Trends And Sources Of Zoonoses And Food-Borne Outbreaks In 2010
This report is based on reports of food outbreaks from 27 countries in the European Union. It examines the frequency of zoonoses (diseases transmitted from animals to humans) and food-borne outbreaks in these countries in 2010.
“The European Food Safety Authority and the European Centre for Disease Prevention and Control analysed the information on the occurrence of zoonoses and food-borne outbreaks in 2010 submitted by 27 European Union Member States. In 2010, 99,020 salmonellosis cases in humans were reported and the decreasing trend in case numbers continued. ”
“Most Member States met their Salmonella reduction targets for poultry, and Salmonella is declining in these populations. In foodstuffs, Salmonella was most often detected in fresh broiler and turkey meat. Campylobacteriosis was the most commonly reported zoonosis with 212,064 human cases. Campylobacter was most often detected in fresh broiler meat. The number of human listeriosis cases decreased slightly to 1,601. Listeria was seldom detected above the legal safety limit from ready-to-eat foods at retail. A total of 4,000 confirmed verotoxigenic Escherichia coli (VTEC) infections were reported and this number has been increasing since 2008. VTEC was also observed in food and animals. The numbers of human yersiniosis cases have been decreasing in recent years and, 6,776 cases were reported in 2010. Yersinia enterocolitica was isolated also from pig meat and pigs; 133 cases of Mycobacterium bovis and 356 cases of brucellosis in humans were also reported.”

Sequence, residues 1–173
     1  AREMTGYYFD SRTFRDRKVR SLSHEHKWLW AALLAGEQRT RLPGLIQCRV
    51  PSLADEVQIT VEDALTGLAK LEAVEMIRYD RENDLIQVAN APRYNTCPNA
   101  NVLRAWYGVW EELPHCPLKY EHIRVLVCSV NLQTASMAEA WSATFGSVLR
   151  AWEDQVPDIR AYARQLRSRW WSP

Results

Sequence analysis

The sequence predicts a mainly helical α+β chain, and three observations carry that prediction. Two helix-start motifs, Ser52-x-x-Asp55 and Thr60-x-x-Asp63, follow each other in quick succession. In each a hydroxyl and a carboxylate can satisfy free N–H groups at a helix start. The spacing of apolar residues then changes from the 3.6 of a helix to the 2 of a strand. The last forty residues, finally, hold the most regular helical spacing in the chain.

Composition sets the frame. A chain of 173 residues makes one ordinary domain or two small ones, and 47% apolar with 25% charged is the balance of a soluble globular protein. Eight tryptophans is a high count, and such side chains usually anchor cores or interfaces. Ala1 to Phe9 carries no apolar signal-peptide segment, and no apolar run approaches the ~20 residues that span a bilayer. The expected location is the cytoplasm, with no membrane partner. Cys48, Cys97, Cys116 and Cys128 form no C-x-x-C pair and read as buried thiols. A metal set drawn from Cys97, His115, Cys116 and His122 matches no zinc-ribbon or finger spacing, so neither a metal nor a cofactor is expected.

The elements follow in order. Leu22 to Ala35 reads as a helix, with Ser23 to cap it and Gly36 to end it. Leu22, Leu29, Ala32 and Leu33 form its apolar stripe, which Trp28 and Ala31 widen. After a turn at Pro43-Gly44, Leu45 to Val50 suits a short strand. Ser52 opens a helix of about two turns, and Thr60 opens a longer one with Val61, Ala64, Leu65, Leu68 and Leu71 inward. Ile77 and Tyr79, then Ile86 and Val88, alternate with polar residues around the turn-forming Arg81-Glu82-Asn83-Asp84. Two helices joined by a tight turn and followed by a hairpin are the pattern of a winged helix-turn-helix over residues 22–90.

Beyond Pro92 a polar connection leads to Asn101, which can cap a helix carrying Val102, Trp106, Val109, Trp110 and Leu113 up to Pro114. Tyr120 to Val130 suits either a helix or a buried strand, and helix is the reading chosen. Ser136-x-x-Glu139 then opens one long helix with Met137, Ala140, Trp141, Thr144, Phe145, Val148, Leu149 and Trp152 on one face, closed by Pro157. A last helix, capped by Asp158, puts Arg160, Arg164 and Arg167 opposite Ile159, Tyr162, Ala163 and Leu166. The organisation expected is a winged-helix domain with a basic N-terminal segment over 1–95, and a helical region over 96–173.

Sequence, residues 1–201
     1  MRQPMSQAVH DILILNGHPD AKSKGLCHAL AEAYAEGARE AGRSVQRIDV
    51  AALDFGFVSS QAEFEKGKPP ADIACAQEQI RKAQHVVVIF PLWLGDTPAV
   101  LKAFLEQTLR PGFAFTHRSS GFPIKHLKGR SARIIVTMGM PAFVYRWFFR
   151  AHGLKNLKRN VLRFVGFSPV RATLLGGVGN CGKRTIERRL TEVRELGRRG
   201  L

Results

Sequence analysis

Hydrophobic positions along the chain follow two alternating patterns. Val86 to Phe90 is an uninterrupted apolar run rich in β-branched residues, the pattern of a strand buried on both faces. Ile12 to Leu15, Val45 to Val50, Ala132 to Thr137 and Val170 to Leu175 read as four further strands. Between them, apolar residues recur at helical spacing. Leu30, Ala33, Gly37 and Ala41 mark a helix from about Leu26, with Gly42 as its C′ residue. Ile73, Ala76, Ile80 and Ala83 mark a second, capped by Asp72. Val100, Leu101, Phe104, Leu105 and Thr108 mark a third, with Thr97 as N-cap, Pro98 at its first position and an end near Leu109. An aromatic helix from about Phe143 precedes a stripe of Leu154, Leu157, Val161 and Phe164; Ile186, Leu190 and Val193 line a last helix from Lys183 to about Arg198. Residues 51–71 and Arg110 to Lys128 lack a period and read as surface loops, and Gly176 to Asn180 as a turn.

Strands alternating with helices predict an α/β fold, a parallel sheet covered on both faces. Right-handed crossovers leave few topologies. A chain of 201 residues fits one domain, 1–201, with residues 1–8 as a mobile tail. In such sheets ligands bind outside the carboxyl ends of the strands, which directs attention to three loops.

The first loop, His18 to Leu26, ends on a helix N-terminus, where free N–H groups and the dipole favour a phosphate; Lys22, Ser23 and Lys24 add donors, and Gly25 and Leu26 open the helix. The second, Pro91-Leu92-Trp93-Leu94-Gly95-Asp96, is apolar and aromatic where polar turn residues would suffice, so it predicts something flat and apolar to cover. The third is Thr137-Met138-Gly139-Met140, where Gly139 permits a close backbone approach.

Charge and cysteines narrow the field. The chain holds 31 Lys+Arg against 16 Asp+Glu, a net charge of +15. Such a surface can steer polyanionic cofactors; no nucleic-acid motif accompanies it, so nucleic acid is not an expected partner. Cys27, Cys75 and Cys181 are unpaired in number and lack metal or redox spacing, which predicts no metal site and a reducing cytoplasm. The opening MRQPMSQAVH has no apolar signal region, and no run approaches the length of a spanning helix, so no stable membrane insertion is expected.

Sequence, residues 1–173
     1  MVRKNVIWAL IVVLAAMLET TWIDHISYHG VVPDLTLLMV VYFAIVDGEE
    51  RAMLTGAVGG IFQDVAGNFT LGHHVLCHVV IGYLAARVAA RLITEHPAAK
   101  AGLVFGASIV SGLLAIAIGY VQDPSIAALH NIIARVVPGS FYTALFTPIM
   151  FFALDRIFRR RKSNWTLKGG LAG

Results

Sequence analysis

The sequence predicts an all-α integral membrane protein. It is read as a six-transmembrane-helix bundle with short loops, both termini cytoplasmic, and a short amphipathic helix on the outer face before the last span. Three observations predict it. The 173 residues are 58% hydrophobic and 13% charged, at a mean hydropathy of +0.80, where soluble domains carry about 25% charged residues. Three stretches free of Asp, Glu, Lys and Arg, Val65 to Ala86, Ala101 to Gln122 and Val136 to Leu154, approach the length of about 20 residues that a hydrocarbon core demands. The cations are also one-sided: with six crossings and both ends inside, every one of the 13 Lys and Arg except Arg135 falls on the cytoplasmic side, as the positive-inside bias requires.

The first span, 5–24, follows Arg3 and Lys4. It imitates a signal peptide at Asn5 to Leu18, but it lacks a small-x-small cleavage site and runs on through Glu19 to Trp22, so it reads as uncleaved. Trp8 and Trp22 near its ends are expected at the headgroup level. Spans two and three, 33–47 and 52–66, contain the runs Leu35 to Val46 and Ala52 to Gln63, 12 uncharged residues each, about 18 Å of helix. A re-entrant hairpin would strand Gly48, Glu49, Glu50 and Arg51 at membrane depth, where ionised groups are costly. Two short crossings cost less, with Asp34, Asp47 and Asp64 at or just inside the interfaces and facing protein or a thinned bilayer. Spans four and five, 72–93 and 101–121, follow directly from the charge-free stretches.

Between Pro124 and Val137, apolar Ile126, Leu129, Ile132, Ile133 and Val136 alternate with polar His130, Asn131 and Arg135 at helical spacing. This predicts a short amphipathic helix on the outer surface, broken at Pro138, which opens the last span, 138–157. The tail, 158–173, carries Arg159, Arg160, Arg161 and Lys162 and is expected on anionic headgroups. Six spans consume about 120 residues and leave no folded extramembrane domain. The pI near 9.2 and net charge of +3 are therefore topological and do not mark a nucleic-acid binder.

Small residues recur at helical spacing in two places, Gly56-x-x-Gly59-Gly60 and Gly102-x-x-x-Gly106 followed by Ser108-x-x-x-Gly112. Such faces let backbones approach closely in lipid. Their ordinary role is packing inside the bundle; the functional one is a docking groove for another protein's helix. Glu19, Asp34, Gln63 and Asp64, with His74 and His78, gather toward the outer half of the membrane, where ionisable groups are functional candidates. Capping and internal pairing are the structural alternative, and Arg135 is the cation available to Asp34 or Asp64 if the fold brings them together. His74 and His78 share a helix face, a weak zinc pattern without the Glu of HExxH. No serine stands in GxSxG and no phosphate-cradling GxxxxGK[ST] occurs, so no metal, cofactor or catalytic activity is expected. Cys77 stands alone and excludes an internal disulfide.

“The prevalence of bovine tuberculosis in cattle increased, and the prevalence of brucellosis decreased in cattle, sheep and goat populations. Trichinellosis and echinococcosis caused 223 and 750 confirmed human cases, respectively. These parasites were mainly detected in wildlife. The number of Q fever cases in humans decreased to 1,414. In animals Q fever was found in domestic ruminants. There were two human cases of rabies in 2010 and the number of rabies cases in animals slightly increased. Most of the 5,262 reported food-borne outbreaks were caused by Salmonella, viruses, Campylobacter and bacterial toxins and the main food sources were eggs, mixed or buffet meals and vegetables.”